With this though, you also cover the bedtime routine.
4. Involve other people
Another huge difference comes by involving as many people as you can. I don’t have any Italian friend here (they all moved away). Luckily though, we live in a century where communicating overseas is not a huge deal anymore. Video-calls with my parents are easier now rather than 10 years ago. There are several options and I’ll cover them specifically in another article, but my favorite is a phone app known more in Europe than the US called Whatsapp. I prefer this one above the others because it’s easier to handle while you’re also trying to avoid that your kid stabs himself in the eye with the fork. I mostly like to call my relatives in Italy when Gozer the destroyer (that’s another nickname for my son) is on his highchair during breakfast or lunch and he’s not too distracted by his toys. Eating and communicating at the same time may not be the best way to go sometimes, but for Italians, having a conversation while sitting around the table is good manners too. So he needs to get used to a healthy conversation while eating.
Besides what can be considered a personal preference on this matter, involving more people helps in many ways. Think about all the positive response my son received when he nailed that “nonno” while talking to him. It was like a New Year’s party with fireworks and all! 🙂 My son was so happy to get all the attention and compliments that I’m sure this was just the beginning.
5. Travel to your birth Country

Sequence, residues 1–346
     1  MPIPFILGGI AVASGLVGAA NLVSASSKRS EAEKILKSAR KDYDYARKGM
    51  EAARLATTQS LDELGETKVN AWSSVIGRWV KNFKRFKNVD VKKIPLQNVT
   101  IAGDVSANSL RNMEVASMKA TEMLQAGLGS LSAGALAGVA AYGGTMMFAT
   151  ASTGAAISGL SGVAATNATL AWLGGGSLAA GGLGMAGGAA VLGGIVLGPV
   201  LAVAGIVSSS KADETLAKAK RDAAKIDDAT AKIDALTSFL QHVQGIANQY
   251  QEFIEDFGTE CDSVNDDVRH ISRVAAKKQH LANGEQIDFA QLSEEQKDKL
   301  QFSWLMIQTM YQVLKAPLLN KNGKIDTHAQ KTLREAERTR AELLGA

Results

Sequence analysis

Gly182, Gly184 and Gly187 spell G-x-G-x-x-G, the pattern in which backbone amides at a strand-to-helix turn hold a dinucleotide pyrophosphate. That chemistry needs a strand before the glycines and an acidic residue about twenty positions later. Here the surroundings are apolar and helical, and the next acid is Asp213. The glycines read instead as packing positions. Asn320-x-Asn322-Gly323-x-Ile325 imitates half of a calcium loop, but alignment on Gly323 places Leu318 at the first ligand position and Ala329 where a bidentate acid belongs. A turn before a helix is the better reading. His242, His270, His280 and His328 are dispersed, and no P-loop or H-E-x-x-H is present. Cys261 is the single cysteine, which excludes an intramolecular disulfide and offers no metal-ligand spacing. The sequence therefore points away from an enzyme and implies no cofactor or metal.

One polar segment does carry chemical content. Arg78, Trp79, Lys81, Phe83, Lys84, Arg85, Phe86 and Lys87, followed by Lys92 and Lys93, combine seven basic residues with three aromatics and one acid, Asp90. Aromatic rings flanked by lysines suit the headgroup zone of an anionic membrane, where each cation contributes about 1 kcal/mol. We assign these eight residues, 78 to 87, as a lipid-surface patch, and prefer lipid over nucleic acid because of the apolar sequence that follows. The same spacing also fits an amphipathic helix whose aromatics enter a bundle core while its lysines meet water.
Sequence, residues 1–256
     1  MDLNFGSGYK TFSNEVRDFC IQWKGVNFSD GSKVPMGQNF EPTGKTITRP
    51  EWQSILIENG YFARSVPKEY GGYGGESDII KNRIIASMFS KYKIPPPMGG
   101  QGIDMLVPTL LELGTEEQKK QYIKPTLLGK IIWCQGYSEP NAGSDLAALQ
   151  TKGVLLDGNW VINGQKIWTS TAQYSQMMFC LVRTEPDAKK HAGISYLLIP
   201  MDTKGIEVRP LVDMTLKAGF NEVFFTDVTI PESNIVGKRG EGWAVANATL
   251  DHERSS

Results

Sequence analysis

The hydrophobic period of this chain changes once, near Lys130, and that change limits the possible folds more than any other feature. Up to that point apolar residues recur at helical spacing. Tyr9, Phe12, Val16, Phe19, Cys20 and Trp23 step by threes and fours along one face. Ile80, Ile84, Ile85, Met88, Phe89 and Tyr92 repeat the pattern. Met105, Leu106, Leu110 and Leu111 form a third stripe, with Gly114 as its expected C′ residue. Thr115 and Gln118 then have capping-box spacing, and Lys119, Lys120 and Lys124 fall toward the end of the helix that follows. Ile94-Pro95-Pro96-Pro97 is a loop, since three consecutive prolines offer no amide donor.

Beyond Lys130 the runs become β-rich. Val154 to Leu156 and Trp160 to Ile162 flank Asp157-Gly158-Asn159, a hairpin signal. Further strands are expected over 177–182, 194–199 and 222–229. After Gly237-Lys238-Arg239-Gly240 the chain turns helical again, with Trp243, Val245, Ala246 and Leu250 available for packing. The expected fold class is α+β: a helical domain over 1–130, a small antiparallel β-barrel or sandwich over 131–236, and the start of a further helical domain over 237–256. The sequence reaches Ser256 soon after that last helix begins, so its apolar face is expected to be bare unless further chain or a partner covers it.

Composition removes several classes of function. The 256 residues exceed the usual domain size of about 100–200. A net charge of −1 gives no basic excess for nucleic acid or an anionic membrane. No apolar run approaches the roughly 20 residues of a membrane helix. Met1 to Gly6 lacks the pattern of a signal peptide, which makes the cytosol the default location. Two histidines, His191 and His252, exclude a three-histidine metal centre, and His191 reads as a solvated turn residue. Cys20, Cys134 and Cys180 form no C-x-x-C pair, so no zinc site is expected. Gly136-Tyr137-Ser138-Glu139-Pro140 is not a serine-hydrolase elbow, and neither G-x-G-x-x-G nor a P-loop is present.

How to raise bilingual kids if not partially raise them in both Countries? If you can, go back to your Country as many times you can and make sure to bring your kid with you! We don’t want a Home Alone kinda situation right? But I’m sure that, if Macaulay Culkin knew a second language, he would have kicked the ugly thieves butts even faster! 😉
Raising bilingual kids is a long term process, it actually never really ends right? So if you, like me, don’t have many chances to travel back, you still have plenty of times to make it happen in the future. That’s for sure the best way to dive in the culture, not just the language. Also, she’ll be forced to speak if she wants to interact with her cousins and relatives.
6. Pen pals are best pals
When she’ll be grown enough to start approaching writing, it’d be a great idea to initiate a correspondence with a kid of about his age, whether it’s a cousin or one of your friends’ son/daughter. That will give to both of them the chance to use the minority language and improve it. This way they’re both learning, while deepening their relationship.
I’d suggest to go the old way: with pen and paper. Not that texting wouldn’t be another possible resource. It’s a matter of structure. Writing a letter with full sentences and with the purpose to write for longer than 3 seconds, is indeed very different and forces the development of an incredible number of skills. You’d be surprised. So paper, or emails at least. Leave the texting for later if you can.
Also writing, helps memorizing which is always a good thing when it comes about improving language skills.